By Hannah Woit
A pudgy pup may be cute, but extra weight is just as serious for him as it is for you--with the potential for the same health complications, such as joint pain, cardiovascular disease, and diabetes (Find out now—Is Your Pet Diabetic?)
If you and your pet could stand to lose a few pounds, you may be each other's best ally in the fight against fat. In a study at Northwestern Memorial Hospital in Chicago, overweight owners who teamed up with their obese dogs to get in shape were more likely to adhere to a weight loss program than those without dogs. Get started moving your pet--and you--toward a slimmer, healthier future.
Make a plan.
If you can't see a distinct waistline below your pet’s rib cage, it's likely that he's overweight. Aim for a 1 to 2% drop in body weight per week, says Phil Zeltzman, DVM, a board-certified traveling veterinary surgeon in Allentown, PA. Ask your vet if your pet is healthy enough to begin an exercise program. If so, set a goal of 15 to 30 minutes a day for dogs or 5 minutes at a time 4 or 5 times a day for cats, says Leilani Alvarez, director of the Tina Santi Flaherty Rehabilitation & Fitness Service at the Animal Medical Center in New York City.
Confirm with your vet that your pet is eating the right formula, then cut feeding amounts by 25% and swap treats for lower-calorie options, such as bite-size pieces of carrots or apples. (Or, make your own pet food—check out our Homemade Pet Food Recipes for inspiration.)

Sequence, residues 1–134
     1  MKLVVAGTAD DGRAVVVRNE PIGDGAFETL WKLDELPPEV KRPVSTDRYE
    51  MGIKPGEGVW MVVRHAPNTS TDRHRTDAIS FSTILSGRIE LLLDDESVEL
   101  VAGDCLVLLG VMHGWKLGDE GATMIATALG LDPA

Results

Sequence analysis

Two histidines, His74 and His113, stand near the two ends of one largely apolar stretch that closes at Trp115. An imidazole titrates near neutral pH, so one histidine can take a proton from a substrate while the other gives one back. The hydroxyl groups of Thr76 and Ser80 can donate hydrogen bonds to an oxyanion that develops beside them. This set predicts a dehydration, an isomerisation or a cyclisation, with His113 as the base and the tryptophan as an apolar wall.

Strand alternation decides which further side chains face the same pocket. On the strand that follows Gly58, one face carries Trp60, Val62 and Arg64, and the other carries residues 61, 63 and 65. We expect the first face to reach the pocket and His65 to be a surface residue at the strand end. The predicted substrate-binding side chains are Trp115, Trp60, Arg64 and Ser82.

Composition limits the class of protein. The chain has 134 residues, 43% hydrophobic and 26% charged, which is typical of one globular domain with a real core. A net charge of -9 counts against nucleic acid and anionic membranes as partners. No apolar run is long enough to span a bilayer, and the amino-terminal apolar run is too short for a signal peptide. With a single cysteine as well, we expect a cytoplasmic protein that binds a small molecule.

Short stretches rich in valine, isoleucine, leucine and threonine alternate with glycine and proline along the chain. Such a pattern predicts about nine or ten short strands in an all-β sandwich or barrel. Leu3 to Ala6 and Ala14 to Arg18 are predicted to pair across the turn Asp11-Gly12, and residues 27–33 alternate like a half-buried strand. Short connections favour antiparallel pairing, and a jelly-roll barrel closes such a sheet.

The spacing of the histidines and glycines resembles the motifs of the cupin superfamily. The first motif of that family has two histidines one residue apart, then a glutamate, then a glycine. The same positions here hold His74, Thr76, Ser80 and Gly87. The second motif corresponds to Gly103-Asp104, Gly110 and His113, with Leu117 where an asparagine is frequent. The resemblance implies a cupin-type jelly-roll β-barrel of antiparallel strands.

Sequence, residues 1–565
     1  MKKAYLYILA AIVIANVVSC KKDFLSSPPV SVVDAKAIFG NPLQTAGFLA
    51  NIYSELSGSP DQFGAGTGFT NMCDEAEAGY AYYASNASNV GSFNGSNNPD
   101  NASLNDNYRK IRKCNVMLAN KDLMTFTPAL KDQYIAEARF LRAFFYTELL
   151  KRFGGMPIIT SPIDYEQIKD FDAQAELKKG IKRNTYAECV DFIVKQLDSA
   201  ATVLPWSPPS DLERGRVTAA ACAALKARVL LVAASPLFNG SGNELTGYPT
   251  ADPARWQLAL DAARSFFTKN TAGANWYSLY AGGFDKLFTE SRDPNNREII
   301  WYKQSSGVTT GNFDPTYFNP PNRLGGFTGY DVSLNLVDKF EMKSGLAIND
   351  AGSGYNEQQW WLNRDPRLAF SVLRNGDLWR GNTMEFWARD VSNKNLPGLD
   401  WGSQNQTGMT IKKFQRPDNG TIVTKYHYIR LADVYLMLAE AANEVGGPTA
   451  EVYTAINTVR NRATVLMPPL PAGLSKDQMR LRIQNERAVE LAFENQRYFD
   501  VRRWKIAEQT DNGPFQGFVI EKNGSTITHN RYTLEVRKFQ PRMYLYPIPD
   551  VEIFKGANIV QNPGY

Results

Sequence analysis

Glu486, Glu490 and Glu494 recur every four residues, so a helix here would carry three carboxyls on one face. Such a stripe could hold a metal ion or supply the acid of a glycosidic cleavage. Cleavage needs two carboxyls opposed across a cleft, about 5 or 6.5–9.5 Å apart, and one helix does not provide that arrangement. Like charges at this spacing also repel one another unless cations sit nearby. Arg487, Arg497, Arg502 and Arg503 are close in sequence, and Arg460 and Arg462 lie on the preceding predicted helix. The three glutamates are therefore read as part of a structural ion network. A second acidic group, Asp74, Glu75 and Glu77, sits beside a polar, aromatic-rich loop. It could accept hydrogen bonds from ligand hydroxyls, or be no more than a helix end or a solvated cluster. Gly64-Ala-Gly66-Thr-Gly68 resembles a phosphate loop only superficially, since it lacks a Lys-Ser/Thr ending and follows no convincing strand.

Make your pet work for meals by putting his dish at the top or bottom of stairs or by using interactive food-dispensing toys. Or try this strategy to get you both moving: "I had one owner whose cat followed her whenever she opened a can of food, so she'd walk all around her house, luring the cat," says Deborah Linder, DVM, of the Tufts Obesity Clinic for Animals.
Walk this way.
Dog owner? For the first 2 weeks, aim to walk 5 to 10 minutes twice a day, working up to 30 minutes at a time. Start with stretches (for both of you) and end with a cool-down period of slower walking, says Dr. Zeltzman. (If you have an overweight cat, have her chase a laser beam or feathers on a string.)
Try one of the following get-fit stretches. Hold each position for 10 seconds 3 or 4 times, Dr. Zeltzman advises. If your pet resists doing any of these stretches, he may have joint problems--talk with your vet. (If you don’t already have one, here’s How to Pick the Best Vet.)
Shoulders and Elbows
Take one of your dog's front paws and pull the leg forward and up. Repeat with other leg. (Is stretching too boring? Try one of these 10 Fun Ways to Exercise With Your Pet, instead.
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Hold the knee of one hind leg and gently pull the leg backward until it's almost parallel to ground. Repeat with other leg.